When Cathy Hudson sets out this spring with her husband to hit some of the country’s most savory barbecue competitions, she’ll see the world with new eyes – literally. That’s because she recently restored her vision through cornea transplant surgery.
“It feels like everything is in high-def now,” Hudson marveled. “It was just tissue donation, but it changed my life.”
Hudson’s vision loss was gradual and was caused by Fuchs’ dystrophy, a hereditary disease that causes the corneal lining to deteriorate. She’s certain her father had it, too.
“I remember how hard it was for him to lose his vision,” she said. As with many diseases, Hudson, 61, noticed an effect on her quality of life.
She had begun to avoid driving at night. She lost excitement for activities such as watching movies. And she became worried she might have to stop working before age 65. Hudson is Nurse Manager for the cardiac Transition Care Unit at St. Elizabeth Edgewood.
Without cornea transplant surgery, her vision was only going to get worse.
“I needed to see better,” she recalled. “There really was no question about getting the surgery.”
Re-engaged in life
Hudson’s first surgery in February 2016 restored vision in her left eye from 20/200 to 20/30. This means she could only see clearly at 20 feet what someone with normal vision sees at 200 feet. In November, she had surgery on her right eye to improve its 20/60 vision. It can take up to a year for each eye to reach full vision.
“Now things are just more in focus,” Hudson said.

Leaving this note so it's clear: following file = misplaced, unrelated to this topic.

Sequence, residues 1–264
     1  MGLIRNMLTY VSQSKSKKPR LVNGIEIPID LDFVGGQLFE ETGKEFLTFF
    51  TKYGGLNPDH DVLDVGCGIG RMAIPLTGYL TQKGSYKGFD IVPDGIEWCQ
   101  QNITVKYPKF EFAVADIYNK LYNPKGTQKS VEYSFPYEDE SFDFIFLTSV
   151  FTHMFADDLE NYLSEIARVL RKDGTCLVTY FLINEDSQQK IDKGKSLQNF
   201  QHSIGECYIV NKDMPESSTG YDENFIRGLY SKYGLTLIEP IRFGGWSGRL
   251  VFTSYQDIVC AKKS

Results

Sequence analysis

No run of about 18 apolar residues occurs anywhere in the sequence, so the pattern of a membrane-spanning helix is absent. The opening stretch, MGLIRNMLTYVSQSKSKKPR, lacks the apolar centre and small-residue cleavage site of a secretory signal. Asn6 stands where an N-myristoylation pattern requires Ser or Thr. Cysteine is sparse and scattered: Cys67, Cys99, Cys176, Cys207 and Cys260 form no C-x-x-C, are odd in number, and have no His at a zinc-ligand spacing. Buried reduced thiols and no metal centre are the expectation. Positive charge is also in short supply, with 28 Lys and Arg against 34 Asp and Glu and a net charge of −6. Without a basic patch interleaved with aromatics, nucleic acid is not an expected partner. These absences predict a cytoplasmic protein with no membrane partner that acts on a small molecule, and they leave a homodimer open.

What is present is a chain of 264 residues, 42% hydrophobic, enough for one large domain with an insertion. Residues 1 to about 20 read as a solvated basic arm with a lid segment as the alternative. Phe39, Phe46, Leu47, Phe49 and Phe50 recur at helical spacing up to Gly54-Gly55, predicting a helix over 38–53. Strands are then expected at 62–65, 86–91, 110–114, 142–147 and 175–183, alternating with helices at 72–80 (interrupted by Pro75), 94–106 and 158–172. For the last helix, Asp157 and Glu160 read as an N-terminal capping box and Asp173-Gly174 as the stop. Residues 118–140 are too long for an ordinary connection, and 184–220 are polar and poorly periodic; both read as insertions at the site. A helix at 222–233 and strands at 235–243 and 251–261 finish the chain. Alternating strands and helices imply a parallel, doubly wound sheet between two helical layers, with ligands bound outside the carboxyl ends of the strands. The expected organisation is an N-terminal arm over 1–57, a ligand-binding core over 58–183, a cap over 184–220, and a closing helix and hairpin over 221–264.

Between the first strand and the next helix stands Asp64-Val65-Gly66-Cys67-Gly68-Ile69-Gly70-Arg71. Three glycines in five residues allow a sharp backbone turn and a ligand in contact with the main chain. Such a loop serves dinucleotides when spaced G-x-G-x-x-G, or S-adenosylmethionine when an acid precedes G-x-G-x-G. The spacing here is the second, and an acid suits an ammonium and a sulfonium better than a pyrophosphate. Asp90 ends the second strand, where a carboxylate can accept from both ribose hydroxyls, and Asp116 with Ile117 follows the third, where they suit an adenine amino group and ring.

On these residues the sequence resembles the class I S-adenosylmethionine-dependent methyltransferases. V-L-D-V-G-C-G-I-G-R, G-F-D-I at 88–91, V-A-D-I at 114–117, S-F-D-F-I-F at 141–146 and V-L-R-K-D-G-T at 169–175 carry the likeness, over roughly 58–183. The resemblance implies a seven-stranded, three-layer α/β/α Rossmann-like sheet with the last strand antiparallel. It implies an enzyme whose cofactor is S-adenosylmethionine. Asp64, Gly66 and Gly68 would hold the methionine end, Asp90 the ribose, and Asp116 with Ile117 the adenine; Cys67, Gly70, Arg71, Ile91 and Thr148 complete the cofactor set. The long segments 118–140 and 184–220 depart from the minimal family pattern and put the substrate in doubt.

At Christmas, she felt more connected to her wide-eyed, 3-year-old granddaughter. “I could see everything going on with her,” she recalled.
She’s enjoying movies again, too, and recently was overwhelmed by the special effects in the new Star Wars movie. “I love Star Wars!” she exclaimed.
“Now, everything’s clearer and in better detail. I didn’t have that before. I didn’t really know what I was missing until I had it again.”
Hudson’s also looking forward to those upcoming barbecue road trips because now, she can actually see the foliage along the way.
“I knew there were trees, and I knew they had leaves on them, but I just couldn’t see them,” she explained.
Hudson has always been an advocate for organ donation. “I’ve been an organ donor for years and years, but I never thought I’d need it.” Her experience has been so positive that her husband, who’d previously never wanted to donate his organs, is now an organ donor.
“I’ve always thought that if you can give to make someone’s life better, then that’s something you should do,” she said. “If people could put themselves in the shoes of someone who has a condition limiting their life, then more people would decide to become organ donors.”
In Hudson’s case, she’s thankful someone made that decision.
“I’m going to be able to do a lot more things,” she predicted. “I’m just so grateful and humbled to have had this done. It’s like everything’s an adventure now.”
SmartHealthToday is a service of St. Elizabeth Healthcare.